When you attend your naturalization interview, you should bring the applicable items listed below with you. If you fail to submit the required documents, you may be found ineligible for naturalization and your application may be denied.
Do not bring your children or other family members. Be on time for your interview – rescheduling will cause delays in processing your case.
NOTE: ALL DOCUMENTS MUST BE ORIGINAL OR CERTIFIED COPIES. Any documents in a foreign language must be accompanied by a translation in English. The translator must certify that he/she is competent to translate and that the translation is accurate.
Keep in mind that these are general checklists. Since each case is unique, documents which are not listed may be required by the interviewing officer. Also remember to keep copies of all documents you bring to your naturalization interview for your own records.
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DOCUMENTS REQUIRED FOR ALL NATURALIZATION INTERVIEWS
- Your alien registration card.
- Photo identification (state driver’s license or state identification card).
- Your passport(s) and any travel documents issued by the USCIS.
- Copies of recent years tax returns, correspondence relating to payment arrangements, and returns for which you claimed to be a non-resident.
If you have ever been arrested, you must bring complete arrest report(s), certified court disposition(s), probation report(s) (if applicable), including records that may have been sealed or expunged. If a record or document is no longer available, you must submit documentation from the appropriate agency as to its unavailability.
If you are a male and between the ages of 18 and 31, bring proof that you registered with the Selective Service System between the ages of 18 and 26.
(Note: If you failed to register with the Selective Service System before you reached age 26, you must do the following: 1. Request and complete the Selective Service System’s questionnaire form. Answer the questions fully, make a copy, and return the form to the Selective Service System. 2. You will then receive an advisory letter from the Selective Service. 3. Bring the copy of the questionnaire and the advisory to your interview. Selective Service System telephone number: 1-847-688-6888 or 1-847-688-2576.)
If you are unable to take the full oath of allegiance, bring a letter from your church explaining how your religious beliefs prevent you from taking the full oath to your naturalization interview.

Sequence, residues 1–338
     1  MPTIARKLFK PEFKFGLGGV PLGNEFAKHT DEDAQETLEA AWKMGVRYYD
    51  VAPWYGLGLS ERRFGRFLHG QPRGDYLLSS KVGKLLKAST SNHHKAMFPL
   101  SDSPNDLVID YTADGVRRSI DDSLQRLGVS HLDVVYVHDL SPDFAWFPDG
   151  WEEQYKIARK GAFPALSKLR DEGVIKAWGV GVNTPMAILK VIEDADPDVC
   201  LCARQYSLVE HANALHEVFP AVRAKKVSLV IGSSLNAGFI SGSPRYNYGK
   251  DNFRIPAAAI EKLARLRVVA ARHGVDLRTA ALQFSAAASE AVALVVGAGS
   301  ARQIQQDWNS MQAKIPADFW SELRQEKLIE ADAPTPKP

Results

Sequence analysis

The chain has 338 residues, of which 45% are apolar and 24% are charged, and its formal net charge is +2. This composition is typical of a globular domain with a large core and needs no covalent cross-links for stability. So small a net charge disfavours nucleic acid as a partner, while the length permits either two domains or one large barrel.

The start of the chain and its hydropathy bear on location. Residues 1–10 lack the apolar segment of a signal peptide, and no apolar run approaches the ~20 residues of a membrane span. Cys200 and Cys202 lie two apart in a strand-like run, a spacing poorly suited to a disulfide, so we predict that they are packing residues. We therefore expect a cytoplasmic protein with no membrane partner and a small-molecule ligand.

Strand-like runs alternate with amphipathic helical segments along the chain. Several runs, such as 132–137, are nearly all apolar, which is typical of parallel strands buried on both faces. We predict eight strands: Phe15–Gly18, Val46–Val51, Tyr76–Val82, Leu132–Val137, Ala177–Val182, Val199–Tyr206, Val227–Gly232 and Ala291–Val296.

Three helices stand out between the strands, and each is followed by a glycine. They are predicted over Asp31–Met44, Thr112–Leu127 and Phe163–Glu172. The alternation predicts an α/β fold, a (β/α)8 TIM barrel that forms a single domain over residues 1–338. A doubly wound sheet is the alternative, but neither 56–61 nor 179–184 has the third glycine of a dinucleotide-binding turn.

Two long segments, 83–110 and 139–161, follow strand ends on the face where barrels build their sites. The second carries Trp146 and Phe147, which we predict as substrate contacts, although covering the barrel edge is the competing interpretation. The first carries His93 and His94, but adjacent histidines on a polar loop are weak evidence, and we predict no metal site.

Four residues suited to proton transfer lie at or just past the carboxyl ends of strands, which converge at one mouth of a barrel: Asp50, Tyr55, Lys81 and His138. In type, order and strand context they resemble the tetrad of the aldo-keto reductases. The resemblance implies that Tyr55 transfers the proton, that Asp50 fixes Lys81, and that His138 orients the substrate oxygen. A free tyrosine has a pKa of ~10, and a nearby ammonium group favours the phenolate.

If you have minor children residing outside of your home, bring evidence of your payment of financial support, such as cancelled checks, money order receipts and bank drafts showing your payment record, along with copies of any court or government orders relating to the required payment.
ADDITIONAL DOCUMENTS FOR NATURALIZATION INTERVIEW BASED ON A MARRIAGE TO A US CITIZEN
- Proof that your spouse has been a U.S. citizen for more than three years, such as birth certificate, naturalization certificate, certificate of citizenship, or U.S. passport.
- Your marriage certificate.
- Proof of termination of ALL prior marriages of both you and your spouse (if any).
- Evidence of bona fide marriage, such as (but not limited to) lease agreements or home ownership documents, joint bank and credit accounts, joint tax returns, proof of joint ownership of other property such as investments, automobiles, life insurance, health insurance.
- Birth certificates of your children.
EXEMPTIONS FROM THE ENGLISH LANGUAGE REQUIREMENT
If you are over 50 years of age and have been a lawful permanent resident for more than 20 years, OR if you are over 55 years of age and have been a lawful permanent resident for more than 15 years, you may have your naturalization interview in your native language. Please bring an interpreter with proper identification.
If you are over 65 years of age and have been lawful permanent resident for more than 20 years, you will be eligible for the abbreviated history and government examination which may be conducted in your native language. Please bring an interpreter with proper identification to your naturalization interview if you require the examination to be conducted in your native language.
If you are permanently disabled, and the disability prevents you from fulfilling the requirements of Sec. 312 of the INA, you may also be exempt from the history and government examination and/or the literacy requirements. You must bring to your interview the medical certification Form N-648. The form must be completed in its entirety with a detailed explanation for each applicable question.
Question #3 must include the origin, nature, and extent of your medical condition as it relates to the disability exceptions. The doctor or psychologist must describe in detail how your medical condition prevents you from fulfilling the requirements of Sec. 312 of the INA. Failure to comply with these instructions may result in the rejection of the Form N-648 and will result in delay in the adjudication of your application for naturalization.
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Immigration Attorney Carl Shusterman has 40+ years of experience. He served as an attorney for the U.S. Immigration and Naturalization Service (INS) from 1976 until 1982, when he entered private practice. He has testified as an expert witness before the US Senate Immigration Subcommittee. Carl was featured in SuperLawyers Magazine. Today, he serves as Of Counsel to JR Immigration Law Firm.